British politicians are easily seduced by American money and power, and it seems Farage, for all his anti-elitism, was no exception. In The Purple Revolution, he positively gushes about his four days in September in the land of the free. He describes a friendly meeting with Rupert Murdoch (‘We are both outsiders who despise the establishment’), an equally amicable encounter with presidential hopeful Rand Paul (‘my political doppelgänger’) and a dinner, hosted by Breitbart in their Washington office overlooking Capitol Hill, in which he sat next to Senator Jeff Sessions of Alabama, a Tea Party darling, and the popular talk-radio host Laura Ingraham.

It must have felt like the beginnings of a special relationship. By learning from American experts, Farage believed he could turn Ukip into a more professional outfit. Kassam and Richardson put him in touch with strategists and activists who specialised in ‘micro-campaigning’ and social media. At the same time, Breitbart and the Tea Party’s leadership saw in Farage a man with whom they could do business — a conservative quite unlike David Cameron, who had spent so long toadying up to Obama. Moreover, the Americans wanted to learn from Ukip how a new party could rattle the established order — since the Tea Party, for all its noise, had never broken out on its own, or caused any meaningful shift in the Grand Old Party.

Back home, Ukip staff quickly got fed up with what they called the ‘Tea Party tendency’ and Farage’s ‘mad love affair’ with the American right. In February, Farage annoyed his followers by missing the first day of Ukip’s spring conference in Margate because he was giving a speech to a half-empty room at the Conservative Political Action Conference in Washington. ‘The party was seething and baffled,’ says one insider. ‘It was a major moment for Ukip and the leader wasn’t there.’

There were also growing concerns about a change in Ukip’s ‘messaging’. Farage is said to have developed a ‘shock and awe’ strategy, which involved making deliberately outrageous statements to arouse the ire of the despised political and media class. For instance, in a television debate, Farage suggested that the NHS should not treat foreigners with Aids. That prompted fury from politically correct commentators, as expected, but it also disturbed quite a few natural conservatives. ‘Shock and awful,’ said a senior Ukip source.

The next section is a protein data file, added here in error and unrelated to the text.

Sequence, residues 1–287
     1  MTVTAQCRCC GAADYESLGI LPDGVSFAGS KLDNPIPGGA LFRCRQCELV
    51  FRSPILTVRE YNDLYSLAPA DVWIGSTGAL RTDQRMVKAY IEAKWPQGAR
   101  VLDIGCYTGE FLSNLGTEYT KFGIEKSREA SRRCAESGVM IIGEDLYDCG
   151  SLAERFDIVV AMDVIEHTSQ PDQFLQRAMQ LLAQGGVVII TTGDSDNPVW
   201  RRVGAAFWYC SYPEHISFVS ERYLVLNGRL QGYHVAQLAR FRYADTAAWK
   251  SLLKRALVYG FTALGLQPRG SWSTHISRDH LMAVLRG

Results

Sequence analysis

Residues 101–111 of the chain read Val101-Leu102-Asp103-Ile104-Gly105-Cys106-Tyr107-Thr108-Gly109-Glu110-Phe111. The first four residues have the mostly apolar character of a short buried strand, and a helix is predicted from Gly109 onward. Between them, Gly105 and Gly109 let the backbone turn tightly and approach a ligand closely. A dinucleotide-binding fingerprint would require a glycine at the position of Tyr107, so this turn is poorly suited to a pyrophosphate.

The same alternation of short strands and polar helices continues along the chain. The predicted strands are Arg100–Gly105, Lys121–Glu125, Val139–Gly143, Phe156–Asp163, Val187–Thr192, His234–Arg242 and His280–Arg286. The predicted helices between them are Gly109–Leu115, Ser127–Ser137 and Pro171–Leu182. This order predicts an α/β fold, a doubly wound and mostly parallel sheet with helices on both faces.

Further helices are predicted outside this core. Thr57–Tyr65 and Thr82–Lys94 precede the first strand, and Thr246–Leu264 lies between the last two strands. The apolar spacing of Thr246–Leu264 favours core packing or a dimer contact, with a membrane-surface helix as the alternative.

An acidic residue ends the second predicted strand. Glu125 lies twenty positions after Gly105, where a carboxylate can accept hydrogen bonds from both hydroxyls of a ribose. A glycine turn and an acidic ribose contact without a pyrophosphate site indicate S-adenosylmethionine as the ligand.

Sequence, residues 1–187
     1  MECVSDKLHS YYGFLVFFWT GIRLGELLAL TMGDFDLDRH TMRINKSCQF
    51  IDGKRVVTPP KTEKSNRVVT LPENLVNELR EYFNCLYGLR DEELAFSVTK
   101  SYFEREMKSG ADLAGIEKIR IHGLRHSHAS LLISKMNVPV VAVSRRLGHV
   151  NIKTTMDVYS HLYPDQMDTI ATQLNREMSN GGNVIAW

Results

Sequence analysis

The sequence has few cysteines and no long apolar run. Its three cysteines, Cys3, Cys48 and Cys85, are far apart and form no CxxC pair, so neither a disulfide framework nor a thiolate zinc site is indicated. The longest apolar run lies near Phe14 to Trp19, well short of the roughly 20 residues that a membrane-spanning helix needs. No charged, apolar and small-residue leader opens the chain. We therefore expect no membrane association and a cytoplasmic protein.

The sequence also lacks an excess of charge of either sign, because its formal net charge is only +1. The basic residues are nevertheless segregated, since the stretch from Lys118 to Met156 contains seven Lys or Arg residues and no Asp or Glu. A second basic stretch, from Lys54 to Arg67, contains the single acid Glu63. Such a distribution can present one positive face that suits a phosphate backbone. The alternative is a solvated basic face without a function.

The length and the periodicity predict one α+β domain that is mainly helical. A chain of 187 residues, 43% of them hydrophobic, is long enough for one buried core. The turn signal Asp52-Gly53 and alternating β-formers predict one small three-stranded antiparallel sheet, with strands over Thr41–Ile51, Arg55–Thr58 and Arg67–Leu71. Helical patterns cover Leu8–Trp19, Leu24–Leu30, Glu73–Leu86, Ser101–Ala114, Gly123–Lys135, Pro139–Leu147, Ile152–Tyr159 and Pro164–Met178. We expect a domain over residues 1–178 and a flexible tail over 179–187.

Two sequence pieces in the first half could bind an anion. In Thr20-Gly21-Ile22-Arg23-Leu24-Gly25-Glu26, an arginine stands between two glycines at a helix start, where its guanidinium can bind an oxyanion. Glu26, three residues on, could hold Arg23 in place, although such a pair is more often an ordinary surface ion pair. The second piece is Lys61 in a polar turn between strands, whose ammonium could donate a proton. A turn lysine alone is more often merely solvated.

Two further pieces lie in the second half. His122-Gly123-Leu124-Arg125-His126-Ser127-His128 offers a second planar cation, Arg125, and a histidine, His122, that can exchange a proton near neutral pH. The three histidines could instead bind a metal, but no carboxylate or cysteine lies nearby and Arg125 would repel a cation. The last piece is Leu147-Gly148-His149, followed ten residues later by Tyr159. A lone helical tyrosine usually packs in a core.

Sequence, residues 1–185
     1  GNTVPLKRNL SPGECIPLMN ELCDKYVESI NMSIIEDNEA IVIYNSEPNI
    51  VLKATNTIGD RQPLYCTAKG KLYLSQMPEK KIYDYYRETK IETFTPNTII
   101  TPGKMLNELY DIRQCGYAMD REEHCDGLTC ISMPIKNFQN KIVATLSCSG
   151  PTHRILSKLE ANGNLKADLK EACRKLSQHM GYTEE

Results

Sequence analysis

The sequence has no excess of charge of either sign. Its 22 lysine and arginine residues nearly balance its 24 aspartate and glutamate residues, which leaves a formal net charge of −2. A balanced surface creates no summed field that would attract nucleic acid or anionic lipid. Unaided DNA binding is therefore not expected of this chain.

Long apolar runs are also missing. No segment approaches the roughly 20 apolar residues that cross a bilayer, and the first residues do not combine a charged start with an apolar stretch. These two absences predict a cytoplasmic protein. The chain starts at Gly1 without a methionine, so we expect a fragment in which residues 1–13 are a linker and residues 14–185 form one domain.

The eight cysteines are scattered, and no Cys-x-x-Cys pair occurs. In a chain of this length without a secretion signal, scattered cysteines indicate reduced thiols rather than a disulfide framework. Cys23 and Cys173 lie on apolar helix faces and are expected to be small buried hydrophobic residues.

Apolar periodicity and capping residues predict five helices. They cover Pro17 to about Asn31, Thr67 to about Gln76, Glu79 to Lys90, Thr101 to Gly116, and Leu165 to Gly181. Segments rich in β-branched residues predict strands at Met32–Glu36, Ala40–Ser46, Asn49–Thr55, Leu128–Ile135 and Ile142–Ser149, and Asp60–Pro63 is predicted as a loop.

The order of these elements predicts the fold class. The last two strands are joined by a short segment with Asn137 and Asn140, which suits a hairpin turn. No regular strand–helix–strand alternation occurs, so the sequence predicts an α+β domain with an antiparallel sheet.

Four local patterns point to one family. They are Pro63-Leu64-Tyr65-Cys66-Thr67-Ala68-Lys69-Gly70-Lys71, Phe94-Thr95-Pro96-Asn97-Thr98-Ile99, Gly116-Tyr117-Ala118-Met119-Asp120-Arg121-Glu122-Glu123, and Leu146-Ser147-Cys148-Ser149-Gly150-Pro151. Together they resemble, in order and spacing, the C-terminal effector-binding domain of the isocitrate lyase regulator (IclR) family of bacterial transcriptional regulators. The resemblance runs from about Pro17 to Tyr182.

In an interview with Trevor Phillips, Farage also referred to a ‘fifth column’ of Muslims in this country — which led to rumours that, rather than running an election campaign, he was aiming for a well-paid gig on Fox News.

Others were embarrassed by the pettiness of the squabbles which the party found itself fighting. For instance, after the Sunday Times journalist Camilla Long joked on Have I Got News for You that she had spent more time in South Thanet than Farage, Ukip complained to Kent police. Kassam, by this point running Farage’s personal campaign in Thanet, claimed she had ‘made false statements about a candidate at this election’ and accused the BBC of contravening the 1918 Representation of the People Act. The complaint was duly ignored. ‘Anybody with the slightest idea of Ukip’s relationship with the press would have seen it was ludicrous,’ says a party insider, ‘but decisions in Thanet were being made in a vacuum.’

Farage also became much more aggressive on social media, adopting a style out of keeping with his amiable and old-fashioned public persona. The Ukip leader is a techno-phobe. He doesn’t have an email account and despises ‘those handheld machines that waitresses pass you in restaurants to pay the bill’. In Kassam’s first week at Ukip, however, @Nigel_Farage got into a Twitter row with the comedian Frankie Boyle. Douglas Carswell, Ukip’s first MP, wanted the party’s election focus to be ‘hyperlocal’ — talking to people face to face about the difficulties in their lives — yet Farage was making national headlines by picking fights with celebrities.

Ukip seemed to be waging an American-style culture war — but the British didn’t appear to be interested. From October to election day, the party’s standing in the polls fell from 18 to 13 per cent. The dip can’t all be pinned on Ukip’s drift towards Tea Party politics, but a number of Kippers feel that Farage’s infatuation with America distracted him from his mission at a crucial moment, and unbalanced the delicate ecosystem that had allowed the party to flourish.

Which might explain why, after the election, Ukip’s leadership turned on itself so viciously. Suzanne Evans, the deputy chairman, was sacked after she used the word ‘divisive’ about Farage. Patrick O’Flynn, economics spokesman and leader of the ‘red Ukip’ faction, called him ‘snarling, thin-skinned and aggressive’ and resigned soon after. Douglas Carswell, now the party’s only MP, is isolated. The party seems to have lost its sense of direction.

Ukip has for years been an odd mix of disempowered aristocrats, Tories in exile, and disaffected former Labour voters. Aside from a shared loathing of the metropolitan elite, few of its supporters have much in common with freedom-lovers such Andrew Breitbart and Stephen Bannon. The beer-fuelled party of Farage is different from the American Tea Party, which is in any case an incoherent and elusive movement. The British have their own paranoid style.

Raheem Kassam has now gone back to his old job at Breitbart. Nigel Farage has pledged to lead Ukip until 2035. But his political star is fading and his party is a mess. He can take comfort from the fact he has just been hired as a columnist for Breitbart London.